What happens to a car with an outstanding loan upon death?

UPDATED: Dec 3, 2011

Advertiser Disclosure

It’s all about you. We want to help you make the right legal decisions.

We strive to help you make confident insurance and legal decisions. Finding trusted and reliable insurance quotes and legal advice should be easy. This doesn’t influence our content. Our opinions are our own.

Get Legal Help Today

Compare Quotes From Top Companies and Save

secured lock Secured with SHA-256 Encryption

What happens to a car with an outstanding loan upon death?

My father-in-law has a car that no one wants upon his death. What has to be done with it?

Asked on December 3, 2011 under Estate Planning, Colorado


FreeAdvice Contributing Attorney / FreeAdvice Contributing Attorney

Answered 11 years ago | Contributor

If your father-in-law passed away with a loan still unpaid upon his vehicle and one wants the vehicle, the executor of his estate assuming he was a Will or the trustee under the trust have the decision to either continue making the payments on the loan by the estate or not.

If payments are not made, then the lender will repossess the car and sell it at auction where most likely there will be a deficiency owed by the father-in-law who is deceased. The lender then has the option to file a claim against the estate for the deficiency and if not accepted by the estate, the lender could file a lawsuit for the money owed on the loan.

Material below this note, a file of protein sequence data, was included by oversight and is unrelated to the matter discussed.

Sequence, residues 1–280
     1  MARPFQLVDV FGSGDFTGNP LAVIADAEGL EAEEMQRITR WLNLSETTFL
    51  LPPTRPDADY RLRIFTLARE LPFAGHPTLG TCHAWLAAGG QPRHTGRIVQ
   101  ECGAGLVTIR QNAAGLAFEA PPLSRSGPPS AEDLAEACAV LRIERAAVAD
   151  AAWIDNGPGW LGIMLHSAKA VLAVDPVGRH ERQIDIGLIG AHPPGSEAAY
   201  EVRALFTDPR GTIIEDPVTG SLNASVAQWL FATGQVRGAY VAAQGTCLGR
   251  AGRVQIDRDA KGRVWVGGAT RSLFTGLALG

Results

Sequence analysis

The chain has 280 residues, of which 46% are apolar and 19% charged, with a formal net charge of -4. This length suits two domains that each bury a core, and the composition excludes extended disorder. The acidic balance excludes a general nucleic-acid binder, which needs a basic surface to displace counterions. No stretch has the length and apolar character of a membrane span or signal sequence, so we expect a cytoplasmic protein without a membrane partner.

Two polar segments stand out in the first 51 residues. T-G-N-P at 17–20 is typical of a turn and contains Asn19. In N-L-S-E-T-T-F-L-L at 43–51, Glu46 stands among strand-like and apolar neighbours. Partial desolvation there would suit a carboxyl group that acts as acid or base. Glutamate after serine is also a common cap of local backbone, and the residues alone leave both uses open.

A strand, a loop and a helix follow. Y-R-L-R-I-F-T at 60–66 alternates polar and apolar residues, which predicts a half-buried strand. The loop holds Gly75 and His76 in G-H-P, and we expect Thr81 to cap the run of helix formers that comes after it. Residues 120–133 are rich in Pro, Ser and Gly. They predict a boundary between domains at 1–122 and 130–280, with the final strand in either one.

IMPORTANT NOTICE: The Answer(s) provided above are for general information only. The attorney providing the answer was not serving as the attorney for the person submitting the question or in any attorney-client relationship with such person. Laws may vary from state to state, and sometimes change. Tiny variations in the facts, or a fact not set forth in a question, often can change a legal outcome or an attorney's conclusion. Although AttorneyPages.com has verified the attorney was admitted to practice law in at least one jurisdiction, he or she may not be authorized to practice law in the jurisdiction referred to in the question, nor is he or she necessarily experienced in the area of the law involved. Unlike the information in the Answer(s) above, upon which you should NOT rely, for personal advice you can rely upon we suggest you retain an attorney to represent you.

Get Legal Help Today

Find the right lawyer for your legal issue.

secured lock Secured with SHA-256 Encryption